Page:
During the 2016 presidential campaign, then-candidate Donald Trump acknowledged that litigation was a "tactic" that had proven "successful" for him and his businesses over the years. A contemporary review of Trump's legal filings concluded that before entering the White House, the president often turned to the courts "to distance himself from failures and to place responsibility on others."
Now after most media outlets have called the 2020 race for former Vice President Joe Biden, the president is using the same litigation playbook that has served him well in the past. His legal team has filed a slew of lawsuits across the country, alleging a number of dubious allegations under the guise that the president did not lose reelection — fairly, at least.
But unlike the days of suing casino patrons and distancing himself from poor investments, Trump's post-election suits have not served him well, and the current spree of litigation has made clear that judges are not eager to have their courtrooms contribute to political PR campaigns.
The Trump campaign's legal bender has focused on some of the tightest state races, including Arizona, Georgia, Michigan and Pennsylvania. Many of these legal disputes, though, would do little to change the ultimate result. In Arizona, for example, the Trump campaign alleged that a number of "overvotes" — instances where a voter selects more candidates than permitted — could "prove determinative of the outcome of the election." Days later, though, the campaign dropped the case, acknowledging the state's 191 potential "overvotes" could not overcome Biden's 10,000 vote lead.
In other states, the campaign's legal claims have been met with raised judicial eyebrows. Two days after the election, attorneys for the Trump campaign alleged that observers were barred from Pennsylvania ballot counters, violating state law. But when Judge Paul Diamond — nominated by President George W. Bush — asked how many Republican observers were in the room, the president's attorney conceded that it was "a nonzero number."
"I'm sorry, then what's your problem?" the judge replied. The suit was later dismissed.
On the same day in Michigan, the campaign alleged ballot counting misconduct in Detroit. In a lawsuit filed in state court, attorneys submitted an affidavit from one poll watcher who alleged she was told other poll watchers were instructed to improperly change ballot dates. A sticky note saying "entered receive date as 1 1/2/20 on 1 1/4/20" was submitted as supporting evidence. After skeptical questioning by Judge Cynthia Stephens during a court hearing, she later wrote an opinion concluding that the affidavit was inadmissible hearsay, and the sticky note was "vague and equivocal" evidence of any wrongdoing.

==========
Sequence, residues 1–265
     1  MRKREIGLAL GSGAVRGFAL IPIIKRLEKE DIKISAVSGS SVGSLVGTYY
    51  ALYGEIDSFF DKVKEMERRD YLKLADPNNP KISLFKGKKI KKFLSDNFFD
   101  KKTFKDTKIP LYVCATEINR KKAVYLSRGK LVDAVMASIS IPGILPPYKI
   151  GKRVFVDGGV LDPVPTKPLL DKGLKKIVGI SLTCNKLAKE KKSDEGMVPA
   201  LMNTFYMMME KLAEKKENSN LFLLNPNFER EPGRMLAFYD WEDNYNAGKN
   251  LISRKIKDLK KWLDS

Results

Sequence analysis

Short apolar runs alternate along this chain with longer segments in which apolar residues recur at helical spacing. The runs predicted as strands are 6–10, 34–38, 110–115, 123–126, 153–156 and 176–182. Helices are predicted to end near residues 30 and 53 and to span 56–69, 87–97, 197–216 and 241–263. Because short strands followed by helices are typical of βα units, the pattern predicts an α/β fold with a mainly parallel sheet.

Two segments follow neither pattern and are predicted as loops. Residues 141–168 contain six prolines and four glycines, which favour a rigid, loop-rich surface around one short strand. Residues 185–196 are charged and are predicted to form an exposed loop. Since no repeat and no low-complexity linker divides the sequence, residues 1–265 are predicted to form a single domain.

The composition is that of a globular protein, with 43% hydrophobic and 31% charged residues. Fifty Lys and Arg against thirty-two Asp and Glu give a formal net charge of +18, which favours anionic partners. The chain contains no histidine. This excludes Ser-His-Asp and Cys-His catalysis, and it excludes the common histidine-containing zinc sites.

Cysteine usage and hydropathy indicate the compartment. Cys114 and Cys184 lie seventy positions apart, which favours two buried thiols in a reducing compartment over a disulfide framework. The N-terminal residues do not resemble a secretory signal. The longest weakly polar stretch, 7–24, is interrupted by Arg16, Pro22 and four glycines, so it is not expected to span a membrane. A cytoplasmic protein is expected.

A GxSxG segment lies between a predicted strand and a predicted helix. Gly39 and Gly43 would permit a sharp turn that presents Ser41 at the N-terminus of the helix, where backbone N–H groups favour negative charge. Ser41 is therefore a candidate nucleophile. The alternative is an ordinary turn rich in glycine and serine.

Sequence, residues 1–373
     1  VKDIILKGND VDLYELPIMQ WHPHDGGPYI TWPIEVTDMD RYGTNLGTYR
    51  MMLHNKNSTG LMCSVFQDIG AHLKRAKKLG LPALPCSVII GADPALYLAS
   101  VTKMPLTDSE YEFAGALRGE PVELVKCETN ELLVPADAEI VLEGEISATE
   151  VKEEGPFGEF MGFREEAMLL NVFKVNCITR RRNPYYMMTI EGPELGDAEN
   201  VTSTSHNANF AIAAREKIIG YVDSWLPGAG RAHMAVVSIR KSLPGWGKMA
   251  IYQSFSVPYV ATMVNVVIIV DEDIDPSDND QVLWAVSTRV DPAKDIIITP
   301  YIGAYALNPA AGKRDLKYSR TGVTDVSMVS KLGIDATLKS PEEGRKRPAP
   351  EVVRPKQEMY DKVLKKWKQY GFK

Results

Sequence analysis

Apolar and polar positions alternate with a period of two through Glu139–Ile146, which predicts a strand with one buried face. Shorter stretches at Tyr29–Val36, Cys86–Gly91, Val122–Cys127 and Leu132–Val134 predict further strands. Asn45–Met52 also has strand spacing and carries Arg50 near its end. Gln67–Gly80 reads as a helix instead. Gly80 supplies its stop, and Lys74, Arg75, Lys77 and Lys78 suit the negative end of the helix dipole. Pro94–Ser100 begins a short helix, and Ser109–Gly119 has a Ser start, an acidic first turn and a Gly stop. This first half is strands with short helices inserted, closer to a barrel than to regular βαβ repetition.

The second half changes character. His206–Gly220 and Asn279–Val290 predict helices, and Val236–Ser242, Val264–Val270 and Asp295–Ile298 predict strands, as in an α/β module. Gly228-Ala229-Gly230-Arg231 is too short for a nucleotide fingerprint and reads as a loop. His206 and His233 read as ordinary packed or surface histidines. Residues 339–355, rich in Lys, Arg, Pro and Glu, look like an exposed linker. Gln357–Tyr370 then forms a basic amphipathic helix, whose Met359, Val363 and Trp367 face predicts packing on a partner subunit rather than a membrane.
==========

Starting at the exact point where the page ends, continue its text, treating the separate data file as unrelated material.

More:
Back in Pennsylvania, the 3rd Circuit Court of Appeals last week held that a group of plaintiffs — four registered voters and one Republican congressional candidate — did not have standing to challenge the constitutionality of counting late-arriving ballots. Writing for the court, President Bush nominee Judge D. Brooks Smith explained that the decision was reached in consideration of the "proposition indisputable in our democratic process: that the lawfully cast vote of every citizen must count."
Unfortunately, the campaign's playbook is fairly transparent. Despite a number of legal setbacks, the president's team seems to believe they have a judicial ace up their sleeve. As one of Trump's legal advisers recently told Fox Business, "We're waiting for the United States Supreme Court — of which the president has nominated three justices — to step in and do something."
Despite the Trump campaign's wishful thinking, do not expect a Bush v. Gore redux. Unlike the 2000 campaign, where about 500 votes separated George W. Bush and Al Gore in Florida, the president is still behind by tens of thousands of votes in several contested states. Moreover, observers should not subscribe to the same political cynicism as Trump's legal team. There are numerous examples of conservative justices — including those nominated by the president — ruling against him or his administration. And as election cases across the country continue to get filed and inevitably be dismissed or withdrawn, observers should not expect the president's flailing legal theories to get special consideration this time around.
As we step back and consider the political lessons of this election, do not forget the courts. When pressed the most, the courts — across geography and ideology — allowed voters, rather than judges, to decide our election.
Anthony Marcum is a resident fellow at the R Street Institute. He wrote this for InsideSources.com.